Drawing from ideas and sounds the composer developed to accompany butoh dance performances, Bernhard Weiss’ re memeber is an eclectic mix of experimental pieces that alternately exhibit either a crystalline fragility or an aggressive rawness. It’s not an easy listen, but there’s a lot to listen to. Weiss’ constructs mirror the widely abstract, often minimalist, outsider-baffling art of butoh; one musical moment does not necessarily lead to the next, or not the next you might expect. On the one hand, you’re floating through the light environs of “linger on,” where Lilian Fritz talk-sings her way, in a tender and almost choked-up voice, through poetic lyrics, surrounded by soft chords and rain-spatter drops of microsound. Her voice plays double duty here, one version processed to sound tinny and telephonic, the other left alone but brought in intimately close. On the other hand, Weiss will challenge your patience with the electric grind, random soundbites and repetitious chopped and stitched vocal sample in “Hashime.” Or perhaps you’re guided through the misty washes of “Skin,” as Aiki Kazuko Kurosaki recites Japanese poetry and Christina Galsmeier lays down crying violin that fades like a ghost’s whisper at the end, both standing on superbly hushed pads that barely break the surface of your awareness. And when you least expect it, hiding toward the end of “sun shine,” you briefly get a reasonably straightforward touch of EDM, the thumping club beat initially feeling out of place until you realize it’s a bit of familiar relief in these unusual landscapes.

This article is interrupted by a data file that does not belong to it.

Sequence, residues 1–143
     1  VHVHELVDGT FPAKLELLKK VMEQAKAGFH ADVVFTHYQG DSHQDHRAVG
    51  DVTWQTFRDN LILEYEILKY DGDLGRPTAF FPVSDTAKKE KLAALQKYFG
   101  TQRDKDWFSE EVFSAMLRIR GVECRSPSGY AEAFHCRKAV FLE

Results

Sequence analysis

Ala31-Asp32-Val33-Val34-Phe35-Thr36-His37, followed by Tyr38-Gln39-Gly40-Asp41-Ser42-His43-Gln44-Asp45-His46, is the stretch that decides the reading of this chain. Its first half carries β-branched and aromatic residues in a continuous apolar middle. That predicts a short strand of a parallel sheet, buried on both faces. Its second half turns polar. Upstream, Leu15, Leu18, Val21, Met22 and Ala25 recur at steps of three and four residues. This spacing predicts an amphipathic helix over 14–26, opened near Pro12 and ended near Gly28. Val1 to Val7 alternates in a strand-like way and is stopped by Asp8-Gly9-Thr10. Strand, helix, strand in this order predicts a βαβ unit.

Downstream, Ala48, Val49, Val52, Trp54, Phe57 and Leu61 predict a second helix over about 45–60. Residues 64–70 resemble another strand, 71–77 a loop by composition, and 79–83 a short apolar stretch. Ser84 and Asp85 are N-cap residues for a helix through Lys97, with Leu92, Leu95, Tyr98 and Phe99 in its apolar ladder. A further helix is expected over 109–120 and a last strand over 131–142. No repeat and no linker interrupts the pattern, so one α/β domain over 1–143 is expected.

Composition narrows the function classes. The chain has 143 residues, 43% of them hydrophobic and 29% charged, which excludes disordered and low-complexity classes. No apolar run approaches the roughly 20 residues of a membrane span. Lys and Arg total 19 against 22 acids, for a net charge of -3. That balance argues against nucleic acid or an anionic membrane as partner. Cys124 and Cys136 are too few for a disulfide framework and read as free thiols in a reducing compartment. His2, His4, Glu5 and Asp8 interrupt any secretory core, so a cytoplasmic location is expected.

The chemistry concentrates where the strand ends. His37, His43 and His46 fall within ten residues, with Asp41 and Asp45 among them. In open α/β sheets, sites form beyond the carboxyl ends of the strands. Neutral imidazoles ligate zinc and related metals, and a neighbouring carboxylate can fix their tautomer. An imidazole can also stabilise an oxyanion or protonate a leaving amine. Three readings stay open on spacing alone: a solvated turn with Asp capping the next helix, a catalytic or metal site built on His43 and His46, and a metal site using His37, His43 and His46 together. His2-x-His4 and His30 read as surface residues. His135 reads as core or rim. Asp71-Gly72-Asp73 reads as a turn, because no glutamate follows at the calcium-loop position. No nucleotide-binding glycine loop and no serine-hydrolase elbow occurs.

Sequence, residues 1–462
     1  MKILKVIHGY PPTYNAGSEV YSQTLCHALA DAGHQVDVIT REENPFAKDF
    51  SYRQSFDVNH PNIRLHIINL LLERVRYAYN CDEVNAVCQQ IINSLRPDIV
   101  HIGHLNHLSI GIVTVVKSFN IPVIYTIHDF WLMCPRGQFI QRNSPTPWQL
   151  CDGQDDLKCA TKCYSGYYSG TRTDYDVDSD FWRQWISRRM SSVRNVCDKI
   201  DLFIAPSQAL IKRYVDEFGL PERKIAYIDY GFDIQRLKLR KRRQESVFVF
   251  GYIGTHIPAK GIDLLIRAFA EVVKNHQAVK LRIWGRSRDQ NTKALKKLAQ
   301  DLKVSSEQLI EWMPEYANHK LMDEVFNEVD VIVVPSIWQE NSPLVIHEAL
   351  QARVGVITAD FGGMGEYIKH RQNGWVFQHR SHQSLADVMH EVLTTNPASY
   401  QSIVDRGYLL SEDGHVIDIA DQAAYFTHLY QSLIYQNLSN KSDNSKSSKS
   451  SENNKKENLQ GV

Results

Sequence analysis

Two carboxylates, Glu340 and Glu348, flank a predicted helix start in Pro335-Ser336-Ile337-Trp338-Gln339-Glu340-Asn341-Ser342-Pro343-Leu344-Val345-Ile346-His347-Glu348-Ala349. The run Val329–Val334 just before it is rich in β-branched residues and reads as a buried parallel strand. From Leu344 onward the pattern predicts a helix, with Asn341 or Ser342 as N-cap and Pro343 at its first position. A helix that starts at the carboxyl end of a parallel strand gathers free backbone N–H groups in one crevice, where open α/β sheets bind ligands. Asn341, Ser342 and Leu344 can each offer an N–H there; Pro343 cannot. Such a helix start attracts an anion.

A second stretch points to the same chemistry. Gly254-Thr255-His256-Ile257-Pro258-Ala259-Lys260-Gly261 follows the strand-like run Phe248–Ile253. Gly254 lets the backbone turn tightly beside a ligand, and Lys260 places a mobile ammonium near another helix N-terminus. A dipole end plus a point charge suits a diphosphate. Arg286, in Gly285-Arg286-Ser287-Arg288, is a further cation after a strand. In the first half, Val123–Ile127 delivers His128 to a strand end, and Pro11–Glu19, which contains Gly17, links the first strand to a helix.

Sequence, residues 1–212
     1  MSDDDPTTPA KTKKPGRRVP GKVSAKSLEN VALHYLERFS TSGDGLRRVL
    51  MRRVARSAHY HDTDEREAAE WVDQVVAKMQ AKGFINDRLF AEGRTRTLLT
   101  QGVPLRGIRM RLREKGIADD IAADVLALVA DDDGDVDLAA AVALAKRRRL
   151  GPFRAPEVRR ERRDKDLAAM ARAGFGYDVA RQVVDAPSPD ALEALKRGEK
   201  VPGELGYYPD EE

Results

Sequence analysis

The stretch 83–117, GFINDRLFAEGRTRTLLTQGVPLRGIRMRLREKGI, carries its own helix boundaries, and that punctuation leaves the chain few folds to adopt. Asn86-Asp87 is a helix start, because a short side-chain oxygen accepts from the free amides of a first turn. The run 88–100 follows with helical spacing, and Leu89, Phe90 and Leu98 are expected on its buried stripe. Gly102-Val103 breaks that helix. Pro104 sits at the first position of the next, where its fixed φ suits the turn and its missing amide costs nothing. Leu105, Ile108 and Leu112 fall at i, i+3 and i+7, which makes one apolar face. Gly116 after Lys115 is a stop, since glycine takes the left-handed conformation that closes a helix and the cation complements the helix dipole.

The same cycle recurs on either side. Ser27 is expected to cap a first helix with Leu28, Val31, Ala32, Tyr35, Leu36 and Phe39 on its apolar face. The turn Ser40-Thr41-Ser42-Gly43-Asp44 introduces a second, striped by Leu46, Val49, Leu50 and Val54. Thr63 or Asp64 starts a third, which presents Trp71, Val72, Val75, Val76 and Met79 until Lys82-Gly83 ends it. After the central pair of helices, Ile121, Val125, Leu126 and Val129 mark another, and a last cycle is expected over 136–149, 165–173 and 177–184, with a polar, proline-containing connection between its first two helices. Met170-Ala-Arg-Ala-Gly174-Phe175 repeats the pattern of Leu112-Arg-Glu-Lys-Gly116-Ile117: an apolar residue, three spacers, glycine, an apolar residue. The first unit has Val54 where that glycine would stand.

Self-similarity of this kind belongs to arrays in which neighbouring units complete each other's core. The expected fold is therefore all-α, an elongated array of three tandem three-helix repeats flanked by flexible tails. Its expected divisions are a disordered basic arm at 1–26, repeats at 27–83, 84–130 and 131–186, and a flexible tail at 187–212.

There are a few moments I could have done without as a listener. The harsh avian squeals at the start of “birdie” are off-putting and the piece as a whole feels a little wayward. There’s the odd, squelchy might-be-a-vocal-sample at the end of the title track, which is about as pleasant as someone twisting styrofoam in your ear. The minute-long high-pitched whine at the end of “thin line” made me worry that I might have tinnitus. I’m sure there’s an artistic rationale for all this, but that doesn’t make it less grating.
It took a number of listens to get good and comfortable with re member. Finding a point of entry is not easy, and the disc will sit best with listeners who appreciate a more avant garde compositional approach. But there’s a lot of impact at work here, and much of it comes from the depth of detail and the careful construction of sound. Headphones are required for full effect, because there are a lot of very small elements that figure into the overall mix. Even at the points where it threatens to grate, re member still manages to be interesting–again, in an often difficult way. Well worth giving a try with an open mind focused on the effect of music.
Available from Cords Records.